Palestinian author Adania Shibli’s Minor Detail, in Elisabeth Jaquette’s translation from Arabic, and Tunisian-Swedish writer Jonas Hassen Khemiri’s The Family Clause, translated from the Swedish by Alice Menziet, both made the 2020 longest of the National Book Awards in the “translated literature” category:
The ten fictional works that made the 2020 longlist are surprisingly diverse. They were originally published in eight different languages: two from Spanish, two from Swedish, and one each from Arabic, Persian, German, Japanese, Tamil, and Korean.
Khemiri is the author of five novels, six plays, and a multi-genre collection. His second novel, Montecore: The Silence of the Tiger, was translated to English by Rachel Willson-Broyles. The Family Clause, his most recent novel, is a “portrait of a chaotic and perfectly normal family, deeply wounded by the death of a child and the disappearance of a father.”
Shibli’s Minor Detail — in a tightly woven translation by Jaquette — is Shibli’s third book-length work, following Touch, which was translated by Paula Haydar, and We Are All Equally Far from Love, translated by Paul Starkey.
Jaquette said of Minor Detail, over email: “I was immediately taken by the novel upon reading it. Adania is an impressive prose stylist, and her precision is astounding, though this of course brings another level of difficulty to the translation process. As a translator, I was very keen to work on a book that was so tightly crafted, because it required me to dedicate the same effort as a translator, and pay even closer attention to what Adania was doing and how. The subject matter certainly does have its difficult aspects, but there’s a sense of compulsion from each narrator (albeit different for each one) that I think also brings great momentum to the storytelling.”
This book unfolds in two parts. The first the story of an Israeli officer and group of soldiers in the Negev Desert in 1949, who come across a group of Bedouin, shoot most of them, and take the surviving young woman back to their camp. The officer has been stung by a scorpion, but somehow, even as his body is riven with pain, refuses to acknowledge it. The second is the story of a Palestinian “amateur sleuth,” as J.M. Coetzee calls her; a young woman in our times, with no apparent skill for detective work, who insists on bumbling around, trying to find out what happened to the Bedouin woman who was held against her will, raped, and eventually killed by the officer and his men in the first section.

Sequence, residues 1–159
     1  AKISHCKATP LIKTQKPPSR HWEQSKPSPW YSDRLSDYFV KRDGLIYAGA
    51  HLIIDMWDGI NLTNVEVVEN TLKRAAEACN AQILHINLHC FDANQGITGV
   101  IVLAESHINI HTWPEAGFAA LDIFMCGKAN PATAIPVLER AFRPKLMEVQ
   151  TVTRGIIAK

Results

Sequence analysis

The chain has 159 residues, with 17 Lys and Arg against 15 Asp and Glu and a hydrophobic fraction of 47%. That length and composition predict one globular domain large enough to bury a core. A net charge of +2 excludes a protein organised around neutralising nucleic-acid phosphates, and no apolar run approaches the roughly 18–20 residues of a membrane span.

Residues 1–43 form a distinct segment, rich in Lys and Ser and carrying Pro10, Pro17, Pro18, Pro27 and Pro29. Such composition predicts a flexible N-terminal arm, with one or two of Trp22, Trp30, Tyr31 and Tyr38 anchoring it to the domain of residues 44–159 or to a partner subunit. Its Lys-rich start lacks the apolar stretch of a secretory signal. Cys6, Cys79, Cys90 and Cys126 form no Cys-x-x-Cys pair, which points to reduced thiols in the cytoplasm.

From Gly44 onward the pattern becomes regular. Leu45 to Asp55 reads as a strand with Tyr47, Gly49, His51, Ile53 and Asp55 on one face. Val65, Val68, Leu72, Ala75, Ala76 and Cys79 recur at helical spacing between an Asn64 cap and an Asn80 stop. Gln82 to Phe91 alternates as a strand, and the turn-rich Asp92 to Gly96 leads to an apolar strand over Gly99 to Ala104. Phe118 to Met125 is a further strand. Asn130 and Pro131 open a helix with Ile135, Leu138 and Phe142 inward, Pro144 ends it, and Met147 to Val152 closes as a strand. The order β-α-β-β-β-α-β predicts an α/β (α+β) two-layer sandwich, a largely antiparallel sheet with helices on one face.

As in Shibli’s other works, there are many sounds — particularly, in Minor Detail, the howling of dogs — but very little communicative dialogue. There is one moderately long exchange, in the museum, but it feels more like a written speech than any form of communication; the two characters largely talk past each other. Indeed, everyone in the book seems suffocatingly locked into themselves, in one way or another.
In an interview with ArabLit Quarterly last year, Shibli said, slightly tongue in cheek: “Dialogue is always a fight. I don’t want dialogue in a story, ever, I want people to be silent. And if they speak, they’re really going to be horrible to each other.”
Later, she added: “Silence is what protects them. So they have to be silent.”
Jaquette noted that, on the surface, “the two parts of the book operate completely independently of each other: they’re set decades apart, and they each follow a different central character, neither of whom is aware of the other in any personal way.” Yet she found them linked through all sorts of different echoes:
Tone is so essential to the effect that Adania creates in this novel, and there was certainly a challenge in recreating two very different tones for two different characters in English. But perhaps my greatest challenge as a translator was recreating what links those two separate parts of the novel: the echos between them. These appear in subtle ways: a spider, a dog barking, a shiver. But, as each echo amplifies the next, the overall effect is incredible. The way Adania lays these two narratives over one another is so powerful; history is right there, yet inaccessible. As a translator, it was sometimes challenging to keep track of all these echoes, and to find one single word that would work in multiple instances. For example, I might have translated ‘lather’ in one instance, and ‘soap suds’ in another, but to play by the rules of the novel, I had to pick one word that would work equally well in both instances. In the end, I think these echoes create a nearly-invisible architecture beneath the book, more felt that seen.
There are two excerpts from the novella online.
Nothing moved except the mirage. Vast stretches of barren hills rose in layers up to the sky, trembling silently under the heft of the mirage, while the harsh afternoon sunlight blurred the outlines of the pale yellow ridges. The only details that could be discerned were a faint winding border which aimlessly meandered across these ridges, and the slender shadows of dry, thorny burnet and stones dotting the ground. Aside from these, nothing at all, just a great expanse of the arid Negev desert, over which crouched the intense August heat.
He walked over to the trunk, removed the bottle of ointment and a new bandage, and carried these with him to the bed, where he sat down on the edge and began removing the bandage from his thigh. But before he could clean the bite and apply some ointment to it, the cramps in his body grew so intense that he could no longer move. He dropped the ointment and bandage next to him on the bed and walked over to the lantern, with an effort that was reflected on his face, and extinguished it.
The 2020 judges for this category are translator Heather Cleary, executive director of Asian Arts Initiative Anne Ishii, novelist John Darnielle, bookstore owner Brad Johnson, and writer Dinaw Mengestu.
Finalists are set to be announced in all categories on October 6, 2020.